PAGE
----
Just under two hours after leaving Jodhpur airport, we reach the nondescript town of Nagaur. As our car trundles past a railway crossing, there isn’t much to see except cycle and auto mechanic shops. Suddenly, the golden ramparts of Ahhichatragarh Fort appear before us. We enter through the imposing Sireh Pol and are back in the 18th century.
Nagaur was put on the tourist map when Ahhichatragarh Fort, which dates back to the 4th century, was restored over many years by the Mehrangarh Museum Trust that owns it. It is now the site of the World Sacred Spirit Festival, held every February.
Legend has it that the 16 queens of Maharaja Bakhat Singh, who ruled in the mid-18th century, lived in the ten havelis that make up the Zenana Mahal. The mahal has now been converted into a small boutique hotel called Ranvas or the abode of ranis.
In contrast to the arid landscape all around, the palace complex has beautifully laid out Mughal-style gardens with water channels, fountains, and lotus pools. Around it are pavilions, palaces, and courtyards.
The havelis are close together, so the narrow paths between them are always in the shade. As we walk on the cobbled paths, we are greeted at every corner by bowing turmeric-turbaned staff. The juxtaposition of domes and arches and the carefully tended plants makes me feel like I have fallen into a miniature painting.
Each haveli has a courtyard flanked by a pavilion with two or three bedrooms around it. I am shown my elegant room in Jhaliji ki haveli, which has four bedrooms. My room is cool and quiet and decorated with textile designer Brigitte Singh’s exquisite block-printed fabrics. An old wooden chest makes a handsome bedside table and someone has thoughtfully placed a stack of books on it.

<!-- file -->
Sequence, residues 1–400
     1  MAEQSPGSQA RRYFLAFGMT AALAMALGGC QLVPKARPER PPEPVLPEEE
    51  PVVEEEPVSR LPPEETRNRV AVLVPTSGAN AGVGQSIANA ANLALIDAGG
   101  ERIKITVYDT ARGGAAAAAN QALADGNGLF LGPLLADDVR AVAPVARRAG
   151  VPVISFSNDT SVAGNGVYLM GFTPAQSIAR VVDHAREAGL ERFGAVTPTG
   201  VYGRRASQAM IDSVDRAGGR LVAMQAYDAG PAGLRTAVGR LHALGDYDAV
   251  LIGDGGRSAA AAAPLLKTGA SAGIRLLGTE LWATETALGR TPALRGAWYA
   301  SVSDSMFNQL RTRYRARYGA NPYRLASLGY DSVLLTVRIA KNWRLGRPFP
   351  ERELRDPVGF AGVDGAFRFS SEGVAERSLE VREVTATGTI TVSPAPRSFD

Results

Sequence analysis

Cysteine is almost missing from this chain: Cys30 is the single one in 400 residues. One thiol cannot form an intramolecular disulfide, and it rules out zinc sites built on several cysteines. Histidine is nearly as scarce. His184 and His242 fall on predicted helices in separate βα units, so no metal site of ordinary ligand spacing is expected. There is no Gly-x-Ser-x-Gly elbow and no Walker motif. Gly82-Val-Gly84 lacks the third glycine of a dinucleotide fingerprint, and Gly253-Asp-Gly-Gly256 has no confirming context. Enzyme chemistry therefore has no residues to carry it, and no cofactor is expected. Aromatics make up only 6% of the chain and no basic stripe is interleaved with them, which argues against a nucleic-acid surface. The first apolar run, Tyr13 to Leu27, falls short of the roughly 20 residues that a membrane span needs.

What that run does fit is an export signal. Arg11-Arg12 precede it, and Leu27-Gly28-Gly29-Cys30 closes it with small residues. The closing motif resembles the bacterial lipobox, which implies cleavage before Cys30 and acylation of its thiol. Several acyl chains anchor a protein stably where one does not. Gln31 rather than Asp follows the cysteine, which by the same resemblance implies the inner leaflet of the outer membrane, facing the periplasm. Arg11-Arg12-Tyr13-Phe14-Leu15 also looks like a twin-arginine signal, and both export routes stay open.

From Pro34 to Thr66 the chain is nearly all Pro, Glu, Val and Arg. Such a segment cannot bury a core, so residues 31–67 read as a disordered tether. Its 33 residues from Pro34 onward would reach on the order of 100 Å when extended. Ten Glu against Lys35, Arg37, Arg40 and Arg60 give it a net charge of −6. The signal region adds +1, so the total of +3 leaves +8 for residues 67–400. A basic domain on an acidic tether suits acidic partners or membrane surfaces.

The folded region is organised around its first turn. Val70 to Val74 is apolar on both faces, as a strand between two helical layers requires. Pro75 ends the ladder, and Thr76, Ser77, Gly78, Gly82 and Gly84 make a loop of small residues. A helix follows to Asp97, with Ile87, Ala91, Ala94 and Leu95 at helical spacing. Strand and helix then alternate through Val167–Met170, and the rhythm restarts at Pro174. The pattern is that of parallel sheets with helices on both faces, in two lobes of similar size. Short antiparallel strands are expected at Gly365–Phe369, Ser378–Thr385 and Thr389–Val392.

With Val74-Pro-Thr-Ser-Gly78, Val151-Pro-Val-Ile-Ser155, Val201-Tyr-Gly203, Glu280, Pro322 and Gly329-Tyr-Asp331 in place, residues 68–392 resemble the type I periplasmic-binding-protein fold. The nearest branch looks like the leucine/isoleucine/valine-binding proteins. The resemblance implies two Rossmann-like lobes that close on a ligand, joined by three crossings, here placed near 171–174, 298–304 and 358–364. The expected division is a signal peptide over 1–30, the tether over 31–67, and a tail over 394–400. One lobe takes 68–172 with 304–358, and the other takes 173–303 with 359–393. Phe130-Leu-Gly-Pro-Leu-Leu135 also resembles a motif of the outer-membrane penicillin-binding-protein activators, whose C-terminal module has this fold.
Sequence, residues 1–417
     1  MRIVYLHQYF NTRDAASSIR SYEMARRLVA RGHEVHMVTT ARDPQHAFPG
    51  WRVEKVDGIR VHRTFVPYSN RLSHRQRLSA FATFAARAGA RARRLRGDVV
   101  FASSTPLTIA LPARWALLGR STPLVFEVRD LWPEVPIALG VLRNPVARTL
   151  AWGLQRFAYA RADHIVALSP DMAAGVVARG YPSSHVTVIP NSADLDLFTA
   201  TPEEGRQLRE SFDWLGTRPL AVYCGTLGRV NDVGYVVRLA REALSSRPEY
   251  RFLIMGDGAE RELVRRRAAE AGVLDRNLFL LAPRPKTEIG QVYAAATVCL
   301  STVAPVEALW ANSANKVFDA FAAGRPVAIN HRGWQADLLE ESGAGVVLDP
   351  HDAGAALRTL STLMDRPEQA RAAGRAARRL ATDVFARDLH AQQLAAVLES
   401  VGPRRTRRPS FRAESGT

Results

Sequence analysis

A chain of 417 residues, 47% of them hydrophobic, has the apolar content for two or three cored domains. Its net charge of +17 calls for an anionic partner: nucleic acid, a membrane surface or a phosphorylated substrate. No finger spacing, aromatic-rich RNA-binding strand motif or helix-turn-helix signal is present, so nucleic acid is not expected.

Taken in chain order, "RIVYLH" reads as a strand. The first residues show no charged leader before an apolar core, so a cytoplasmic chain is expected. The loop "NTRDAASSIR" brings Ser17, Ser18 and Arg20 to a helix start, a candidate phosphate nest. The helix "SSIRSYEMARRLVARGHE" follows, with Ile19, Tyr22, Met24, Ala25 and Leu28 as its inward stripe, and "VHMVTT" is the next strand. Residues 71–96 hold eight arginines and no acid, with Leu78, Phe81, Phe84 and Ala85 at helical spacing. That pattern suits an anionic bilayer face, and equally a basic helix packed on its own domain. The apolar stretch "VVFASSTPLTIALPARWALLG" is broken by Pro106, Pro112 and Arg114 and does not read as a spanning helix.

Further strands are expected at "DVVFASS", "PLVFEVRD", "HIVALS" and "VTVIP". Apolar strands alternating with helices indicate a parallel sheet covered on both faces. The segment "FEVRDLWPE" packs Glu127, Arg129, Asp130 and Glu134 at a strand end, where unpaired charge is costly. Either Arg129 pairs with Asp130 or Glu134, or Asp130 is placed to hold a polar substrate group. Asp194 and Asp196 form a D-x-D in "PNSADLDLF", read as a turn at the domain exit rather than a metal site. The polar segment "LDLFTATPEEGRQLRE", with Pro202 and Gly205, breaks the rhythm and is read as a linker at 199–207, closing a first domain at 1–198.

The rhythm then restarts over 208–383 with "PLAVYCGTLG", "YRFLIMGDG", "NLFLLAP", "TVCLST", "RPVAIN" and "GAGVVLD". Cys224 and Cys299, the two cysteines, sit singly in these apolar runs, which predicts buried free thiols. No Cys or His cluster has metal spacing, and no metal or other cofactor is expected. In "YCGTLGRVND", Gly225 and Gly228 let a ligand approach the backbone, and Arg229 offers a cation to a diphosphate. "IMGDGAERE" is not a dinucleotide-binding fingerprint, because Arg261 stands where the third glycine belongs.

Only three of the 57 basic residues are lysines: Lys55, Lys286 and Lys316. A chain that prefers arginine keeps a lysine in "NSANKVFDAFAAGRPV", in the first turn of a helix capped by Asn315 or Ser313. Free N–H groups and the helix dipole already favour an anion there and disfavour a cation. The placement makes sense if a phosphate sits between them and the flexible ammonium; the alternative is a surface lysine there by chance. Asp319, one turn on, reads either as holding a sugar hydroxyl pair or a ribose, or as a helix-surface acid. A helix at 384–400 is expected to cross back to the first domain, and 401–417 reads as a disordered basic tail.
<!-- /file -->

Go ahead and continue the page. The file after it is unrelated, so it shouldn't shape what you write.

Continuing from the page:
Ahhichatragarh Fort, within which Ranvas is located, means “Fort of the Hooded Cobra”. The architecture is as mystical as the name, with pillared pavilions, wall murals, and grand terraces. Photo: Neil Greentree
The bedrooms on the lower level all face inward—they were once the zenana, designed to keep the ranis away from prying eyes. Suites on the terrace look out over the domes of the havelis and the ramparts of the fort and are a wonderful place to enjoy sunrise and sunset.
I wander out from my haveli and find myself in a stunning courtyard planted with banana, frangipani, and flowering piloo trees. A small grove of pomegranate bushes and tinkling water fountains separate the swimming pool from this courtyard, providing guests privacy.
On the far side of the courtyard, a dining pavilion has awnings in orange leheriya tie-dye. An interesting mix of Indian and Western dishes make up the menu. I enjoy the innovative mezze platter, which comes with different “dips” like baingan ka bharta and raita served with crisp bajra bhakri. Impeccable service from the staff, and a respectful “hukum” uttered at the end of my every request, make me feel like quite the maharani.
Everywhere I look, something takes my breath away—an old stone wall covered with fuchsia bougainvillea, a vain peacock admiring itself in the lily pond, the leaves of the neem tree fluttering in the breeze.
For the active traveller, the hotel manager will organise a fort walk, village hike, or a tour of the conservation efforts at the fort, but I find a great way to make lasting memories at Ranvas: I wander around with my sketchbook making small drawings and adding little splashes of colour. The highlight of my trip is an evening stroll around the palace complex, when the golden light from the sinking sun sets the marble and sandstone walls ablaze. It takes me back to an era when the pace of life was gentler and medieval Rajasthan was at the peak of its cultural glory
Appeared in the May 2014 issue as “Abode of Queens”.
Ranvas is 127 km/2 hours northeast of Jodhpur airport. The hotel can arrange a pick up. There are a total of 33 rooms in three different categories, priced between ₹16,500 and ₹23,500 per night including breakfast (ranvasnagaur.com).
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